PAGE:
Noa responded across the ether. “We’re almost to the gate. Let’s talk to Monica. If he can hold on just a few more days ...”

Eliza nodded. Over the shared channel, she said, “He’s got an appointment with her after dinner.” Aloud, she said cheerfully, “Let’s go get something to eat, Oliver.”

“Not hungry,” he mumbled.

But Eliza floated the chair between them into the galley. Noa looked up at him, and then over the ether, Sterling’s voice cracked. “Commander, we got company.”


At Sterling’s thoughts, Noa spun and returned to the access tunnel, she tasted adrenaline on her tongue. “Gunny, I want your guys back in the turrets. Sterling, I’ll get Ao to man the cannon. You stay put. Your eyes work better out there.”

Beside her, James said, “And me?”

The laser focus faltered. Noa released a breath and looked up at him. “Take Ao’s place.” She wanted to order him on the cannon, but his augmented vision and reflexes better served the ship in the airlocks.

James gave her a nod. His jaw shifted as though he were trying to smile, and he gestured toward the ladder with his hand. Noa slipped into the tunnel and commanded over the general channel, “All hands to battle stations. Sterling, pipe me what you see.”

She blinked as the field of their wake filled her vision. It was a bifocal view, blurry at the edges. At first she saw nothing, and then she saw dark pinpricks dance in front of a dusty glowing cloud, their movements too erratic to be natural.

To the ship at large, she commanded, “All civilians to the galley!” and then into a channel for the crew she called out, “Ghost, any idea how big they are?” Her hands and feet moved up the ladder rungs in practiced movements.

She climbed a few more rungs. “Ghost?”

“What time is it?” Her computing officer's thoughts were a jumble over the ether; he'd been in his sleep cycle. “Wake up, Ghost, we've got company and need your help.”

Over the channel, James said, “Based on our distance from the asteroid cluster and Sterling's visual, I'd say they range in size from 1.2 meters to 4 meters.”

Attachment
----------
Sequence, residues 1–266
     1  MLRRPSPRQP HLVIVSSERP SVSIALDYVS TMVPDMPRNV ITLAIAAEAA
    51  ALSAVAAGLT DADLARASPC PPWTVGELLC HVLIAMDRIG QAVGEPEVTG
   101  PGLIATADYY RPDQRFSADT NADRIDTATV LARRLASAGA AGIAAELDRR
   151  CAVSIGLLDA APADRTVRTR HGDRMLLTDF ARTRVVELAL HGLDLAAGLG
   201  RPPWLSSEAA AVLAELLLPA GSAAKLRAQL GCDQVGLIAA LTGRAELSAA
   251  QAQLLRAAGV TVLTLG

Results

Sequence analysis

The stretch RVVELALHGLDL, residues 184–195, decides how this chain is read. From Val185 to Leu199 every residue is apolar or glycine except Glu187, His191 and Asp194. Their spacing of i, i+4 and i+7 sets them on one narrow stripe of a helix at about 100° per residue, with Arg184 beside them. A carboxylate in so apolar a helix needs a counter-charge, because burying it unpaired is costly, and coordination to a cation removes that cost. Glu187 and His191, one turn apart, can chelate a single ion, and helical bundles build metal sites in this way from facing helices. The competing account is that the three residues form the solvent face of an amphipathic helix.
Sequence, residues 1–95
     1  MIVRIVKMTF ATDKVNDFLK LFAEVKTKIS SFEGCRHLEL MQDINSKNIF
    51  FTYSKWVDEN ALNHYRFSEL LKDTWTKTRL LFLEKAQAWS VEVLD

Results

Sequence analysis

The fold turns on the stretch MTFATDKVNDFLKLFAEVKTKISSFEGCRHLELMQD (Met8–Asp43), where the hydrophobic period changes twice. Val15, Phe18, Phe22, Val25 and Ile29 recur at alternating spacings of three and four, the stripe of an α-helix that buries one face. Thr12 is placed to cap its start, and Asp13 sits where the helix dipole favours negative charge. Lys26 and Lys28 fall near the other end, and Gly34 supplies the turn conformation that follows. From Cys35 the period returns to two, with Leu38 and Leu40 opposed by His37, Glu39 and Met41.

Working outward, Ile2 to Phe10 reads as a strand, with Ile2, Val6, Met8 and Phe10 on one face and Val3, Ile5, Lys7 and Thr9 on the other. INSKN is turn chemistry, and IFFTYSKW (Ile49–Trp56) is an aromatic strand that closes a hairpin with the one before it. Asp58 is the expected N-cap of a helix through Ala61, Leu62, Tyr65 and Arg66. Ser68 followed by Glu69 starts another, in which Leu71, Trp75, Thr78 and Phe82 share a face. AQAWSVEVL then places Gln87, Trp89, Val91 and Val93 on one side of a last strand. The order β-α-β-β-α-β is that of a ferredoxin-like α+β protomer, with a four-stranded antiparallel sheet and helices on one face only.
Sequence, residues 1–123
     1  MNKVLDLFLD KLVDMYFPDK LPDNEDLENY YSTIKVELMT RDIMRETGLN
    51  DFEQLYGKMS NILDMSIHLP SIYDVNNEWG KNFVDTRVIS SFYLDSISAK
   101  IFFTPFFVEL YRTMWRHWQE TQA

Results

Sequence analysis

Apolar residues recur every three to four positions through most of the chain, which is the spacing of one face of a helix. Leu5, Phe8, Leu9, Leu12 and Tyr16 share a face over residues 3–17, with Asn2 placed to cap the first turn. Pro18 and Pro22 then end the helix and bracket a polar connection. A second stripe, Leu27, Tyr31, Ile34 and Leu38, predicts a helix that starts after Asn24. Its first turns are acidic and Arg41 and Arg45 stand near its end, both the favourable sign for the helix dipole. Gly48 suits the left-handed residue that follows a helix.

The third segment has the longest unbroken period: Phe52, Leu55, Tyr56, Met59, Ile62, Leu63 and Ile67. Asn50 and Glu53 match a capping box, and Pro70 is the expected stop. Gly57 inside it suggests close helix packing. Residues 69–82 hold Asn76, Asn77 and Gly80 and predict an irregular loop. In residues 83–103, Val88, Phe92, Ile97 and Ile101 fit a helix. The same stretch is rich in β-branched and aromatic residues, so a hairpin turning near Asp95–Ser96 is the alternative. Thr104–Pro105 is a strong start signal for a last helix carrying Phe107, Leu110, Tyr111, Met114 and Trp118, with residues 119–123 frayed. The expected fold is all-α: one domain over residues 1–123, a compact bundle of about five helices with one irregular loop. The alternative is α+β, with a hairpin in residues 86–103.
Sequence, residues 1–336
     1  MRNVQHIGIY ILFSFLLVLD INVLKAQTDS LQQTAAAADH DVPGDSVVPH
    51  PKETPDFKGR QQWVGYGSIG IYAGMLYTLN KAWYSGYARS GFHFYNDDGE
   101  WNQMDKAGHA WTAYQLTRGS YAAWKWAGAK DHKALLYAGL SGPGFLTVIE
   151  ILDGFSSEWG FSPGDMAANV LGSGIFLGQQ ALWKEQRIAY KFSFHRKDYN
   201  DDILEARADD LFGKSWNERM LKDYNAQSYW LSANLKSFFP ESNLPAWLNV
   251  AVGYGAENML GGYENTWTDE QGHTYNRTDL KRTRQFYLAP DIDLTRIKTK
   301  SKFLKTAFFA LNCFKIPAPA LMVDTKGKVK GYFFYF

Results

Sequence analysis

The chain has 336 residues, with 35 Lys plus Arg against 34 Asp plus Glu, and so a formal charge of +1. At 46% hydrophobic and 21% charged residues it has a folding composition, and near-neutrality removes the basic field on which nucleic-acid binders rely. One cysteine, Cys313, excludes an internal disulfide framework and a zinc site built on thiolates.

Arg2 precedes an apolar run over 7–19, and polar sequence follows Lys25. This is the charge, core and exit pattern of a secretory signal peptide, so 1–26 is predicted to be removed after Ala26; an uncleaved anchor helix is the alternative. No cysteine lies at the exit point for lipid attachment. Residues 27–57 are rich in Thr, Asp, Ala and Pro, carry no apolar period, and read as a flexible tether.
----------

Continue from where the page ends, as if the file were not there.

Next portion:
“Ticks!” Gunny thought, and Noa could feel his mental spit to the side. Her skin heated—was Prime Minister Li of the Kanakah Disk sending them as spies?

James continued, “Sterling, I can superimpose your view over the Ark's data.” The blur at the edge of Sterling’s vision became crisp and clear.

“Shit,” said Wren. “That visual is creepily vivid.”

“He’s a professor!” Gunny protested.

But Noa felt herself halting on the ladder. It was very vivid. Taking data from the external sensors and combining it with Sterling's poor visuals … that would take a lot of processing power. It must be Ghost's tweaking of the Ark's systems. She reached up for the next rung. But the Ark couldn't even manage to input a course over the ether. She shook her head. The damn boat was buggy. “Anything on the comm?” she asked Wren.

“No, Commander,” Wren replied. “Suggest we bring her around on pulse power—”

“Do it,” Noa said. To James alone, she cursed the Ark’s main cannons inability to fire in rear directions.

“—and hail them,” Wren finished.

As she flipped open the main hatch to the bridge, Noa’s nostrils flared. After Xo, her first impulse was to blow whatever they were out of the sky. They were so close to achieving their objective. She hissed, but said, “Of course.”

The bridge was full of the sound of static from the comm. At her appearance, Chavez exited the copilot chair and strode to the second cannon. Taking the steps up to the pilot’s chair two at a time, Noa saw Wren had already begun pulling the ship about.

“Bloody lizzar guts,” Noa hissed to James alone.

“I imagine they are bloody,” he quipped back.

It felt so good to have someone in her mind to swear at. Jaw tensing, she willed him not to die.

The comm continued to crackle as she strapped herself in. Letting Wren continue to man the ship, she tried another frequency. “Unknown ships, state your purpose.”

There was no answer.

“Ready to exit Airlock 3,” James said.

Noa’s eyes lifted to the dome. She couldn’t see anything there. She looked down at the monitors, but they weren’t as clear as Sterling’s vision. She focused again on James’s mindscape.